PSA Peugeot Citroen has unveiled annual losses of 2.32 billion euros, overshadowing a rescue deal reached with China’s Dongfeng and the French government.
There was a narrowing of its net loss last year and it is not burning through cash so fast but the French carmaker warned it may not stem the red ink until 2016, a year later than it had initially promised.
Peugeot plans to use new capital from a share sale to Dongfeng and the Paris government to catch up in hybrid technology and low-cost cars.
It will also target Asian and Mediterranean markets.
The long-awaited three billion euro fundraising will bring it new leadership, more time to turn itself around and an end to two centuries of control by the Peugeot family.
Peugeot confirmed that Dongfeng Motor Group and the French state will each pay 800 million euros for 14 percent of the carmaker to match the founding Peugeot family’s reduced holding.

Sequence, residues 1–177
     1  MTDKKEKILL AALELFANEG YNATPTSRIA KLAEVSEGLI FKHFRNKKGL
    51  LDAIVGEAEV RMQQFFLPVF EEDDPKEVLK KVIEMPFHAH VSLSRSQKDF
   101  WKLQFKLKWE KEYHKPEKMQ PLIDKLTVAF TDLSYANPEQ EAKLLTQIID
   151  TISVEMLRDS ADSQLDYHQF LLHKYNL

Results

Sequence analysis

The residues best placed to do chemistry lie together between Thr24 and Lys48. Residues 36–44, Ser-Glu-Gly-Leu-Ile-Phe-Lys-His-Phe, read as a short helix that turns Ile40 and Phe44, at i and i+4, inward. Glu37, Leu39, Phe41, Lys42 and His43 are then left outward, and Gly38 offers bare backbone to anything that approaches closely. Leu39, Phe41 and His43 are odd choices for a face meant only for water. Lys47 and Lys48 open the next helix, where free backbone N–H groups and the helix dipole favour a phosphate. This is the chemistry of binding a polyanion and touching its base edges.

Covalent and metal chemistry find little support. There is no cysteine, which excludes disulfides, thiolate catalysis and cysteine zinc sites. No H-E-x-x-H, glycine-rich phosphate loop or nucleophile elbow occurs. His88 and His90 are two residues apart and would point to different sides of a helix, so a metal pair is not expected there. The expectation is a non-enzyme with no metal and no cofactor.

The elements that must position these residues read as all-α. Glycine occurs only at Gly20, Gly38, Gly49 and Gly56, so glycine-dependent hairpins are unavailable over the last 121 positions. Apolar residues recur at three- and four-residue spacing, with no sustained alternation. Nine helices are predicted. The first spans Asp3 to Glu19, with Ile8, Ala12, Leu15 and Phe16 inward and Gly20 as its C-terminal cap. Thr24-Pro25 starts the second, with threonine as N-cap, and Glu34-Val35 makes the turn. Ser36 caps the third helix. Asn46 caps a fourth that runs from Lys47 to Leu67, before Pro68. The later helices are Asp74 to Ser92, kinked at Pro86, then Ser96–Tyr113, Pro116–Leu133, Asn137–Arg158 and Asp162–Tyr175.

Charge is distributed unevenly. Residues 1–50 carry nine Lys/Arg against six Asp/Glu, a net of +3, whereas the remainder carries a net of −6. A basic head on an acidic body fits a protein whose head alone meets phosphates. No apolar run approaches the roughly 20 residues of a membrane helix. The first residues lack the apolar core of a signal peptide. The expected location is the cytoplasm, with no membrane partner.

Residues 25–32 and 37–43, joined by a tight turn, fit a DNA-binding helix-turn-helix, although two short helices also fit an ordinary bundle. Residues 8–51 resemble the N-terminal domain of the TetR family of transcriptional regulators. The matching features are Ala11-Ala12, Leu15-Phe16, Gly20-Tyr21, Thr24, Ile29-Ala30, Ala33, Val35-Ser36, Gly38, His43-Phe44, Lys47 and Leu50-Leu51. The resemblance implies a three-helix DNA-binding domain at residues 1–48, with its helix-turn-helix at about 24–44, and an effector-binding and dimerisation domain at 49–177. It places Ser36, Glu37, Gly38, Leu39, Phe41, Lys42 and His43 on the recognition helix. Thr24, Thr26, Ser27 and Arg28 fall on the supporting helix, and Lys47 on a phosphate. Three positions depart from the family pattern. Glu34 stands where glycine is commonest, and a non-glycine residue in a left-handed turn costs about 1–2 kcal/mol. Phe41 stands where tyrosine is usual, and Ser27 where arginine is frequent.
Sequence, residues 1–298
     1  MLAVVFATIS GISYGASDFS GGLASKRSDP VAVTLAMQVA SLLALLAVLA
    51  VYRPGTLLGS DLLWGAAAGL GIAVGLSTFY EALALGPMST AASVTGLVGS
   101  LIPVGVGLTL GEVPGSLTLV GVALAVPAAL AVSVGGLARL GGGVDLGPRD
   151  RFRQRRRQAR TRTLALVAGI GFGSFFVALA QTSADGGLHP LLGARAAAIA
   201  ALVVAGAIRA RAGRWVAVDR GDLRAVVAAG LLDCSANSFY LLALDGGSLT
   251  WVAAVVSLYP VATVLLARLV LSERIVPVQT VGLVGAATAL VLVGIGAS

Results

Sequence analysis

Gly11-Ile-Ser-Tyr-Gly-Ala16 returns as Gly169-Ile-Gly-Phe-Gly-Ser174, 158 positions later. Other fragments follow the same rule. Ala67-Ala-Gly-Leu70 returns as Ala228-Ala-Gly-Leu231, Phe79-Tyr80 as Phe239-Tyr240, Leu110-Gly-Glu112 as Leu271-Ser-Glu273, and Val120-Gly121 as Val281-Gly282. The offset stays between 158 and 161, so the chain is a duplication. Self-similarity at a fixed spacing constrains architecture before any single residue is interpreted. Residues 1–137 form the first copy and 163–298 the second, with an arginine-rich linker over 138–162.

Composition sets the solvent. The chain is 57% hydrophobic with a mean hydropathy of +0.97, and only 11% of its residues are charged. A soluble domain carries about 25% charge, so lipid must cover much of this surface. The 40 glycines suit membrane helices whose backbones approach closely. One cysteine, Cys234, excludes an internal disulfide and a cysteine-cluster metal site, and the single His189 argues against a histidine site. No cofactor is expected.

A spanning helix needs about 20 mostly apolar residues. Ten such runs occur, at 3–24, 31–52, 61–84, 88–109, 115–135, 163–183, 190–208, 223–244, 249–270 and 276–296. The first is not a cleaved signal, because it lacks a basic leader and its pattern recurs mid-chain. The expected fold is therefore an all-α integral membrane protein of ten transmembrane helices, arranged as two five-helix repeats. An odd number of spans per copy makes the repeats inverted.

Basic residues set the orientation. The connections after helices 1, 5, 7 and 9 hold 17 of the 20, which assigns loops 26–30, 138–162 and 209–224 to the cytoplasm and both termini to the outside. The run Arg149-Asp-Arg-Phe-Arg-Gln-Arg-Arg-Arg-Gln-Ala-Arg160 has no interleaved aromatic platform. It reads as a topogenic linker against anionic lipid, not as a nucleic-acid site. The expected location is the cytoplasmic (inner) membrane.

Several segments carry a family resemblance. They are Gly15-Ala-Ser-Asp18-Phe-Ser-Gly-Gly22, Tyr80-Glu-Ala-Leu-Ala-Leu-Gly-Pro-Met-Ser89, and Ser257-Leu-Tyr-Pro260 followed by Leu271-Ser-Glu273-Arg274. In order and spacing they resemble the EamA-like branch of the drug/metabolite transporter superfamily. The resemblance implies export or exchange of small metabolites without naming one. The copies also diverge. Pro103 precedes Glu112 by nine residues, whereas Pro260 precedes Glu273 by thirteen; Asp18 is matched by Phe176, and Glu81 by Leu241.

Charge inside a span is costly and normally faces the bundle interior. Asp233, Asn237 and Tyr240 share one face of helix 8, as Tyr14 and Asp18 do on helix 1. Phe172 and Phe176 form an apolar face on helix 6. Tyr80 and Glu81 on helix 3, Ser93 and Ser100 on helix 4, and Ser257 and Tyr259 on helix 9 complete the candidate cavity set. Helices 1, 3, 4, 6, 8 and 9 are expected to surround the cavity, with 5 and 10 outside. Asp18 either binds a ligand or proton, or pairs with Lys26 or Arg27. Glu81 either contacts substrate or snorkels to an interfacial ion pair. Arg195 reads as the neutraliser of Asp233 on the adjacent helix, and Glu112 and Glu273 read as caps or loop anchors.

Chief Financial Officer Jean-Baptiste de Chatillon said: “Everything is in place to give Peugeot a new lease of life as a major international carmaker. We have the products, the teams, the know-how and now we have a new balanced and stable ownership.”
Under their framework deal, Peugeot and Dongfeng pledged to expand their existing joint venture, adding new models to target 1.5 million annual vehicle sales in 2020, and generate 400 million euros of savings for the French partner.
But already there are signs of strain in the new “three-headed” ownership over who will be Chairman of the company.
Dongfeng said the Peugeot board is “expected to be chaired by an independent member,” while France is pushing senior civil servant Louis Gallois as its candidate.
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